When the world came crashing down during the 2016 U.S. elections, I was numb. Like millions of people, life as I knew it skidded to a halt. I felt useless. I couldn’t work. And then I found some like-minded expat friends and started calling, writing, and protesting.
Life went on.
The sun came up in the morning and set at night. I turned in assignments. We paid the credit card bill every month.
But, as expected, things started to fall apart. Every anti-environmental action, racist and sexist insult, and uneducated decision left me feeling a little more defeated.
All these things are brutal, but here’s what makes all of this worse: This disgusting human being will one day walk out of the White House and he won’t give a damn about what he’s done to all the people who are left in his wake. People who have been hurt or died as a result of his actions. He has destroyed relationships that can never be mended. Families are torn apart. Lovers estranged. Friendships ended.
I’m watching this happen every single day, right in front of me.
And I choose love, even when so many others — even people considered family — do not.
As far as I’m concerned, those who espouse the vitriol propagated by the dictator of the United States are not people with whom I want to associate. I can offer unconditional love into the world, but this does not mean I have to welcome these people back into my life.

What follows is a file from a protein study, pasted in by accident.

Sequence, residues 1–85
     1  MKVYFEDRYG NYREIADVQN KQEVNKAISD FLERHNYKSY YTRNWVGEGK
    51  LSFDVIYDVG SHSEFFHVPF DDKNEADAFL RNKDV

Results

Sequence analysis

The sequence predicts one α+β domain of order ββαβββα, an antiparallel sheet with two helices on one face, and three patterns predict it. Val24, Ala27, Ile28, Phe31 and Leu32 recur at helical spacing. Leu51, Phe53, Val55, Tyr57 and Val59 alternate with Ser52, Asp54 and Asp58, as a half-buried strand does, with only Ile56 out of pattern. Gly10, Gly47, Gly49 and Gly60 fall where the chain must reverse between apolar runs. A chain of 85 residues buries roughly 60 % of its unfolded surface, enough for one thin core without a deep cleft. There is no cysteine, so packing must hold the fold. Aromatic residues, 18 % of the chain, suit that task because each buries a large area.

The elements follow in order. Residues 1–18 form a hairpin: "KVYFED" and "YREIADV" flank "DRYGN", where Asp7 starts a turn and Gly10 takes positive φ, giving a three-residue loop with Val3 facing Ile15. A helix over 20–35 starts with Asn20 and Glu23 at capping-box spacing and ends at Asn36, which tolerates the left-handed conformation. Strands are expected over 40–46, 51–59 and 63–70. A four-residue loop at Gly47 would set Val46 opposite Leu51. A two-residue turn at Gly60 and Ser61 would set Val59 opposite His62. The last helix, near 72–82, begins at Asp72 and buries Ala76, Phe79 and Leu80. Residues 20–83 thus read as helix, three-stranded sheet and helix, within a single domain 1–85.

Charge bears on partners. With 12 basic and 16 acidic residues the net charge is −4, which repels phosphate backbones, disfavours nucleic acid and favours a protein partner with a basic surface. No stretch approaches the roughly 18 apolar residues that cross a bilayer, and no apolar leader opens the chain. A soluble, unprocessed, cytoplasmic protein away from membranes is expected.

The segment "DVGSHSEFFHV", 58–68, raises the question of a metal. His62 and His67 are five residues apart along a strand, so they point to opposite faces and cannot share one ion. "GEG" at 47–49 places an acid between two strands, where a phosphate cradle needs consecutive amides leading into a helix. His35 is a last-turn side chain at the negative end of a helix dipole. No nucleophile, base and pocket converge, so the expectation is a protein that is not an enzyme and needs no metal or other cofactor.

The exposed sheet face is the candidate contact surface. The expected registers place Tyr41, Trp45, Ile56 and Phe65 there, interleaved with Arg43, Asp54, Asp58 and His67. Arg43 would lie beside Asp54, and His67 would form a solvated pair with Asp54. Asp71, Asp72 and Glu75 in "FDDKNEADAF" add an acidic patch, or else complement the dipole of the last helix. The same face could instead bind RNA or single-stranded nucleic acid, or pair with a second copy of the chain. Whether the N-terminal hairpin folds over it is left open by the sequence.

This is my life. I am choosing to spend it with open-minded, compassionate, creative, fun, inquisitive, and intelligent people.
This week, I’ve spent a lot of time messaging stateside friends (and family members) — people in my life who go back many, many years. And I truly have made some incredible friends in Kyiv over the past year; friends I won’t want to leave when the time comes.
Friends who send me snaps of street cats and suggest awesome new music recommendations. Friends who laugh over one-liner jokes with me when everyone else rolls their eyes. Friends who randomly wish me good morning and relate when I’m having a particularly introverted moment and teach me new words for Scrabble games.
Friends who text me with “well, fuck,” and I know exactly what they mean.
When those hard days hit — because they do hit eventually, and they can hit exceedingly hard — I know there are still sane people in this world.
These are the people I cherish in my life. I choose love for them.